When it’s running smoothly, the BranchXpress BX7200 is one of the best high-speed sorting scanners that you can buy. But like any sophisticated piece of equipment, it needs a few adjustments periodically to stay in peak condition. One simple step in particular goes a long way toward keeping your BranchXpress rolling along at top speed.
Those who aren’t familiar with the BranchXpress probably won’t pay much heed to a little gray plastic wheel on the right side of the scanner. But it actually controls one of the most important settings for the long-term proper operation of the device: the discriminator tension.
What is the discriminator, and why is it so important? It’s a little roller that sits at the entrance to the feed track and makes sure that exactly one check at a time is pulled off the stack. It does this by applying just enough pressure against the feed roller (the one that turns and provides the motion that moves the checks) that only one can come off. It’s about the same pressure that you’d feel sliding a playing card off the top of a deck, or sliding a single new dollar bill off the top of a stack.
When the discriminator roller doesn’t do its job, you end up with two or more checks pulled into the track at once. On the bright side, the scanner’s built-in double-feed detection system recognizes this and stops the machine – otherwise, the second check would be covered behind the first when it reached the image sensor, and would appear to simply vanish from your system. Still, you have to stop, pull out the paper from the track, and begin again. Yet this prevents a check from going missing – along with the incorrect balances, unhappy customers, and next-day adjustments that go along with it – but when you’re scanning thousands of checks a day, it’s not something you want to happen often.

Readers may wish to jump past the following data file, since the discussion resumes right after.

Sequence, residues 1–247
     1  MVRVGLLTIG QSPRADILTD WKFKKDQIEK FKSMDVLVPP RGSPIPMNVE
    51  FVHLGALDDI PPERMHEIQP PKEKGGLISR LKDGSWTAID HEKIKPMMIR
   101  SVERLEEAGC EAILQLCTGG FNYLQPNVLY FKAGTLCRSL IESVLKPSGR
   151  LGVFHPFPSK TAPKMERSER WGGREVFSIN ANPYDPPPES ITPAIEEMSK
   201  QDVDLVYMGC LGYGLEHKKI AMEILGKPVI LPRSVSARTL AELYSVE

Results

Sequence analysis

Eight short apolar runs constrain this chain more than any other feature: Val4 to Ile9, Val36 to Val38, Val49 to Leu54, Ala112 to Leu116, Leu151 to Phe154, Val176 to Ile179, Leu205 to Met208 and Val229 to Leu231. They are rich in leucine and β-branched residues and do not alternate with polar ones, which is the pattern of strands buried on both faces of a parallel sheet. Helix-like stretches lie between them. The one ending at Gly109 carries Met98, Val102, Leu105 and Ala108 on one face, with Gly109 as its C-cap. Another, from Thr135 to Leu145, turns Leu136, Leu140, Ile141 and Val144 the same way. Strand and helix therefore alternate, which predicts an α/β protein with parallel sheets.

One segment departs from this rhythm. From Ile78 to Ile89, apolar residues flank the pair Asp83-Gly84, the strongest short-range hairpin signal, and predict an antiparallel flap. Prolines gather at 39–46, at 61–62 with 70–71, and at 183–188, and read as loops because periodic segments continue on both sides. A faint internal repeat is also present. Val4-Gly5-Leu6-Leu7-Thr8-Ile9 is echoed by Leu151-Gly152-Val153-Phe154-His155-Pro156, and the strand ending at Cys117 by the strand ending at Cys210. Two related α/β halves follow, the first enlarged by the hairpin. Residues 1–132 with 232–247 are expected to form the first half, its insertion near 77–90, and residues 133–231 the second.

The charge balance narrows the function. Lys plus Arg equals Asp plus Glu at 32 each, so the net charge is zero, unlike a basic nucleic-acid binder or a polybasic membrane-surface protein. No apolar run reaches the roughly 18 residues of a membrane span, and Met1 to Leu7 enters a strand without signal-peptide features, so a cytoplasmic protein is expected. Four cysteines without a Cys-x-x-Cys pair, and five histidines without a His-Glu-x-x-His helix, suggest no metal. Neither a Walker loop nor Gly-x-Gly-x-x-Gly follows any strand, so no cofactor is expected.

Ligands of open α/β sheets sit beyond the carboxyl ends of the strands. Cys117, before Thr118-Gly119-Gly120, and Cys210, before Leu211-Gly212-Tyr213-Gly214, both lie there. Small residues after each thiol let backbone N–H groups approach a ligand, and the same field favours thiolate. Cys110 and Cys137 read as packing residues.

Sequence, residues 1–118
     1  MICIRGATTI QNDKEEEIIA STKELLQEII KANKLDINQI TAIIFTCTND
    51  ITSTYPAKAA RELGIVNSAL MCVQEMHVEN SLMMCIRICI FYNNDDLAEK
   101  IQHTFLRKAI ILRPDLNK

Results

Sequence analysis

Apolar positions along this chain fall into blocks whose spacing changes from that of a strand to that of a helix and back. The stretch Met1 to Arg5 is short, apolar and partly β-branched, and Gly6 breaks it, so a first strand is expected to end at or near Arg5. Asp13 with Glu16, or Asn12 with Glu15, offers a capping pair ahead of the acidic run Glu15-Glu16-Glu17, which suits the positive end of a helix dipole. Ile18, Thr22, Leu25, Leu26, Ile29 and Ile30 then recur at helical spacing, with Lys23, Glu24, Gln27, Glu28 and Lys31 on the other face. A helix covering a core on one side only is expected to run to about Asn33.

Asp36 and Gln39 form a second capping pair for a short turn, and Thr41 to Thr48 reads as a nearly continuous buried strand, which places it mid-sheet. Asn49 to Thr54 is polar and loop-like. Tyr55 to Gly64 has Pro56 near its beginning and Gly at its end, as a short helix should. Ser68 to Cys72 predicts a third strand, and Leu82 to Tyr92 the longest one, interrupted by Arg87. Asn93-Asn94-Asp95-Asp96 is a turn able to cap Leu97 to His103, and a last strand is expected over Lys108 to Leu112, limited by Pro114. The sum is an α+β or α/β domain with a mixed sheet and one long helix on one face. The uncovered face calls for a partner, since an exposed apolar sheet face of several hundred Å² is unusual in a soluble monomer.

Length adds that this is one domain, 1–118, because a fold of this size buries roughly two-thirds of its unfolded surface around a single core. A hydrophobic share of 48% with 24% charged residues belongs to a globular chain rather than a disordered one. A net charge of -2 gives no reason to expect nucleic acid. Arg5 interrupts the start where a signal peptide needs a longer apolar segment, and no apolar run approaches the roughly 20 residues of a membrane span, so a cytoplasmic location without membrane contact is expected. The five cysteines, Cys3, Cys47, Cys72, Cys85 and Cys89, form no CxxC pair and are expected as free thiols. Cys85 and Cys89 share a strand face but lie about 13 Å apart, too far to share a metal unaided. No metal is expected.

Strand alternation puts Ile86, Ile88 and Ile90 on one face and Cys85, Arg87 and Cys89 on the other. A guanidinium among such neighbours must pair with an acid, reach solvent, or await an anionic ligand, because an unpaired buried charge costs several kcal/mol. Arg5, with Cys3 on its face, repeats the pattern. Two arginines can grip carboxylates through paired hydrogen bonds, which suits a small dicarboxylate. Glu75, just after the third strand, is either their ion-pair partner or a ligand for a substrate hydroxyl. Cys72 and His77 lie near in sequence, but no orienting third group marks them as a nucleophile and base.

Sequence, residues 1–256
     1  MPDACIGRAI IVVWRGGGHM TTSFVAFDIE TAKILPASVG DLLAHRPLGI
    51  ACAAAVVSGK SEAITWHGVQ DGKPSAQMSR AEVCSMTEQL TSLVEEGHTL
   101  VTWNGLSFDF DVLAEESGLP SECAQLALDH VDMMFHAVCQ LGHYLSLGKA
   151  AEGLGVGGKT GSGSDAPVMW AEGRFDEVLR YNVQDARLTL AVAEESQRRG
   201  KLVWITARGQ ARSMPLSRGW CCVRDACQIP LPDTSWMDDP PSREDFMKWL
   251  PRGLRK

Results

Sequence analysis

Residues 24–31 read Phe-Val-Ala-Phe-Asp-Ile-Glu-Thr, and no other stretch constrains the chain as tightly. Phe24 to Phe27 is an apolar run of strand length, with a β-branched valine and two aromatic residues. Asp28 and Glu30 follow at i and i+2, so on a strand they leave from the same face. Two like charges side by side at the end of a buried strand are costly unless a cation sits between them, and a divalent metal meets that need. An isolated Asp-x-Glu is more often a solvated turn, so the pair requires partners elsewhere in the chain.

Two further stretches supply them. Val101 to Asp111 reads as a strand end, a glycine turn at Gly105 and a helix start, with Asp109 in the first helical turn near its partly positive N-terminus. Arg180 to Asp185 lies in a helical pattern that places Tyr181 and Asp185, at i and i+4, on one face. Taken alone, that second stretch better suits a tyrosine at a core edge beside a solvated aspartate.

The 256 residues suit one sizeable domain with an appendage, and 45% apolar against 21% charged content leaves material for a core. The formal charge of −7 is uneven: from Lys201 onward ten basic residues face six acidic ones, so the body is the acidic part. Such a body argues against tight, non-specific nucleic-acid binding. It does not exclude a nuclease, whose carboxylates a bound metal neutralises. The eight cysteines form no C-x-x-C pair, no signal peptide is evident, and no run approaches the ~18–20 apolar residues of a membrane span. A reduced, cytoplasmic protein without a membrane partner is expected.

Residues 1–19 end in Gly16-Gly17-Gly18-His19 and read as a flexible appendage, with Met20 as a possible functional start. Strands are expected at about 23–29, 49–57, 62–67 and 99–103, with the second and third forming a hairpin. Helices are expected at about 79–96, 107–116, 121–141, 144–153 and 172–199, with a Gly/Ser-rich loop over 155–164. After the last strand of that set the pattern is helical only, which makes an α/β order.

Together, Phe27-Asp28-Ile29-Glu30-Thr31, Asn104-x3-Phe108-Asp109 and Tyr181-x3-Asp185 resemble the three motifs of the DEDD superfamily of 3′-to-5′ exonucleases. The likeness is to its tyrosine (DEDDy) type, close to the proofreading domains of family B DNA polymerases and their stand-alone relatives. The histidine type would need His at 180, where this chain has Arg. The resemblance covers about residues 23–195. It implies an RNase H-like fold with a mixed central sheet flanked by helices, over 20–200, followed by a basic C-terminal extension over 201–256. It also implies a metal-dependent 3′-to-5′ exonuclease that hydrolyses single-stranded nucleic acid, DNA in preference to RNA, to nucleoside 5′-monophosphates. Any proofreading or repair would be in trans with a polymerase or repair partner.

Now here’s the “rub,” if you’ll pardon the pun: Each check that feeds into the scanner brushes against the discriminator roller and eventually wears down the roller enough that the pressure is not quite what it needs to be, causing extra checks start slipping into the track, leading to double-feeds. This tends to happen about every 50,000-100,000 items depending on the documents, and there’s no way around it: In order to do its job, the roller MUST press against the paper, and it has to be made of a material with enough give to let a single check through.
In ordinary scanners, this is not a problem until after many, many months of use. But BranchXpress users tend to scan thousands of items in a day, so they might go through as many checks in a week or two as others do in a whole year. That’s why we gave the BX7200 an adjustment wheel that allows the user to tighten the discriminator roller when it starts to wear down.
Cleaning your scanner properly every 8,000-10,000 documents is important in avoiding double-feeds.
If you’re starting to notice a higher-than-usual number of paper jams and double-feeds, first always blow out the document track with compressed air and clean the scanner rollers with one of our approved cleaning cards and swabs. Too much dirt and dust can cause the rollers to lose their tackiness and have a similar effect to a worn discriminator. A common mistake when noticing double-feeds is to first adjust the tension with dirty rollers and then to clean, which will result in tension being too high with clean rollers. ALWAYS clean the device first before adjusting this setting.
If you’ve cleaned the scanner and still experience double-feeds, then it’s time to adjust the discriminator setting. As with regular screws and knobs, it’s right to tighten, left to loosen. A single click in the clockwise direction is usually enough. Once you’ve gotten the setting right, you should be able to run through two full batches of 250 checks with no more than one misfeed.
As we mentioned above, the discriminator roller typically needs adjusting once every 50,000-100,000 scanned items, which might be once every month or two. The recommended interval between cleanings is once every 8,000-10,000 items, which is closer to weekly. The BX7200 does have an internal counter that keeps track of the total number of items scanned – this can be accessed from within the ScanLite demo program.